• Allow all daffodils to die back naturally and never knot their foliage. In grass, leave at least six weeks after flowering before cutting.
  • Treat poorly performing clumps to a high potash liquid feed (a half strength tomato feed perhaps) after flowering.

Growing your own potatoes brings the chance to try unusual cultivars and experience the pleasure of lifting tubers from June and July onwards. This useful crop is also well-known for keeping newly cultivated soil open and weed free. The biggest obstacle to success is potato blight, caused by a fungus-like organism whose spores are carried in the air over long distances, waiting for a suitable wet, humid period to germinate and infect foliage, stems and eventually tubers. In wetter areas of the country, blight is a certainty in most years but there are tactics to avoid it. My favourite is to grow only early and second early varieties, planted promptly in March and April. Earlies have usually been harvested by the time blight strikes later in the summer. If second earlies are still in the ground, cut the haulms (top growth) right down when symptoms of rotting appear on the leaves and the tubers will be saved.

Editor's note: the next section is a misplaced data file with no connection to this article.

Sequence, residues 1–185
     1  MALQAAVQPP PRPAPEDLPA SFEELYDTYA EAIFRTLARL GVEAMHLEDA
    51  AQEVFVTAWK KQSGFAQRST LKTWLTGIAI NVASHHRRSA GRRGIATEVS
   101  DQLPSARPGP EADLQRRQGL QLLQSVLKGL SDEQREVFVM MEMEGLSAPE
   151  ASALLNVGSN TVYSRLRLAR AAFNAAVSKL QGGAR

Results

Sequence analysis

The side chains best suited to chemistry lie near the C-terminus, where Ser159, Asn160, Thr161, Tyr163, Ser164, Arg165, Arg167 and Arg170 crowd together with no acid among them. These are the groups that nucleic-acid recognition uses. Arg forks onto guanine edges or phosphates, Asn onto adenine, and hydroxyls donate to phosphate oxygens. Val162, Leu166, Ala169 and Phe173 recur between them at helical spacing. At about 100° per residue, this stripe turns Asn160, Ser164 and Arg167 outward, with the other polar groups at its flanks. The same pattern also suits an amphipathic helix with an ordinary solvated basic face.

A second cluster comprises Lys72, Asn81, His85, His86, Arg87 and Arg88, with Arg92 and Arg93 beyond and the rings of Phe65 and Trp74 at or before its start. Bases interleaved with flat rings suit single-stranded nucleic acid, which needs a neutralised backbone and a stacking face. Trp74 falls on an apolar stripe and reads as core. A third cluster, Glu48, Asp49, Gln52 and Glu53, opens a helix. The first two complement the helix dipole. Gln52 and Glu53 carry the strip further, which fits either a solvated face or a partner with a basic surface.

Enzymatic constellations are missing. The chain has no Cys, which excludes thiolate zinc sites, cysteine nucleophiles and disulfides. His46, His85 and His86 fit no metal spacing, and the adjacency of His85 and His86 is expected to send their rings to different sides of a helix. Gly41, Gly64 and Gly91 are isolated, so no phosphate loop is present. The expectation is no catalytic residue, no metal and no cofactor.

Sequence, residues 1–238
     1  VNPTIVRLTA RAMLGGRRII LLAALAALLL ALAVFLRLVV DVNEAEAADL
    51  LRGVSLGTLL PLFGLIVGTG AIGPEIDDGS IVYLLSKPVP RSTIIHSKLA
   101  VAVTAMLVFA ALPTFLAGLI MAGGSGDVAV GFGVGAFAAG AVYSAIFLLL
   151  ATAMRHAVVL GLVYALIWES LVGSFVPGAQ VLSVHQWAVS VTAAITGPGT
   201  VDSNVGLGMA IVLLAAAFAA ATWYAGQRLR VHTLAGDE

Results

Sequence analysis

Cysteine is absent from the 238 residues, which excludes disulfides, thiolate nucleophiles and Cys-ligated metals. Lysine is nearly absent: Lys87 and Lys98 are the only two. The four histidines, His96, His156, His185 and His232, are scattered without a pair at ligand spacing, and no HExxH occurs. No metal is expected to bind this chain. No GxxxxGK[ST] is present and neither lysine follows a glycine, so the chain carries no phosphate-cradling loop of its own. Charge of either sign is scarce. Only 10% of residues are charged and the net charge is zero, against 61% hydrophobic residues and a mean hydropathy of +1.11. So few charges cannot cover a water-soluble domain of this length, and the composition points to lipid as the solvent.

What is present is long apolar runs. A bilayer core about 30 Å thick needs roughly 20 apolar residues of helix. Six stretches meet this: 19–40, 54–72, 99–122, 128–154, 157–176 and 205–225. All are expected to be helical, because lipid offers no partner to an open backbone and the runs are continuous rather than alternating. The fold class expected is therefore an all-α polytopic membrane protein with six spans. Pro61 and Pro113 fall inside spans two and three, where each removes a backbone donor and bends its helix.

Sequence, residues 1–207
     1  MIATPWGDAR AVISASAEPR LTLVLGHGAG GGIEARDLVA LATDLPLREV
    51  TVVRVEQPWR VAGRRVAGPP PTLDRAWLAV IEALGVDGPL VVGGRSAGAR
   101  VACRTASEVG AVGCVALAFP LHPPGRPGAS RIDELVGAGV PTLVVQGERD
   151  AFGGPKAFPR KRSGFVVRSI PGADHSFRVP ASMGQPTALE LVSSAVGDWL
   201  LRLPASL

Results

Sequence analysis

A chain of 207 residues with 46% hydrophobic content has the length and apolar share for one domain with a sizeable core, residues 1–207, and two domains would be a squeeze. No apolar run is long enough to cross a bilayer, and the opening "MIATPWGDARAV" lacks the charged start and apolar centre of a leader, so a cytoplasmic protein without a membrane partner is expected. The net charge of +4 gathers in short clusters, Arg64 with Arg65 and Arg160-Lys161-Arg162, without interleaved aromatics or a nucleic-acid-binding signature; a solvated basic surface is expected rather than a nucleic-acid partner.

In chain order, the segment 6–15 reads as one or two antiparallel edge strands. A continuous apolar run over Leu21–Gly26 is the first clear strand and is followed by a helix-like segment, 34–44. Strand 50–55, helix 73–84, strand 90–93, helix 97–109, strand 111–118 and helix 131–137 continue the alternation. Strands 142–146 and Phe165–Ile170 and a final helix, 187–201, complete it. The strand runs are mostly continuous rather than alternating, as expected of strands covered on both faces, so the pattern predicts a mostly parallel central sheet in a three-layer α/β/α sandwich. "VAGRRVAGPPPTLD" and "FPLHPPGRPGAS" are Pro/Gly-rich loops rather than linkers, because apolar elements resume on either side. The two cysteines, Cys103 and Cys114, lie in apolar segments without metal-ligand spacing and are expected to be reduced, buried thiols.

The other option is to plant blight-resistant varieties, remembering that this clever disease is constantly evolving and has overcome the resistance once shown by some potato varieties. We used to feel safe planting ‘Cara’ and ‘Valor’ but now look to the Sarpo range bred by the Sarvari Research Trust in North Wales. Of the six varieties, my favourite is early main crop ‘Sarpo Kifli’, yielding large, oval-shaped waxy salad-type potatoes with white skins. The texture of cooked potatoes varies as to whether they have low dry matter (hence waxy-fleshed) or high dry matter (drier, fluffier-textured flesh). Interestingly, texture is also influenced by latitude. I tend to favour waxy potatoes and my favourite is the second early show potato ‘Nadine’. Apparently, this was bred for warmer climates and while delicious when grown in the south, I’ve been told it develops a nasty slimy texture when grown in Scotland. Conversely, I’ve never had much time for dry, floury-fleshed ‘Golden Wonder’ but apparently it is a good potato grown further north.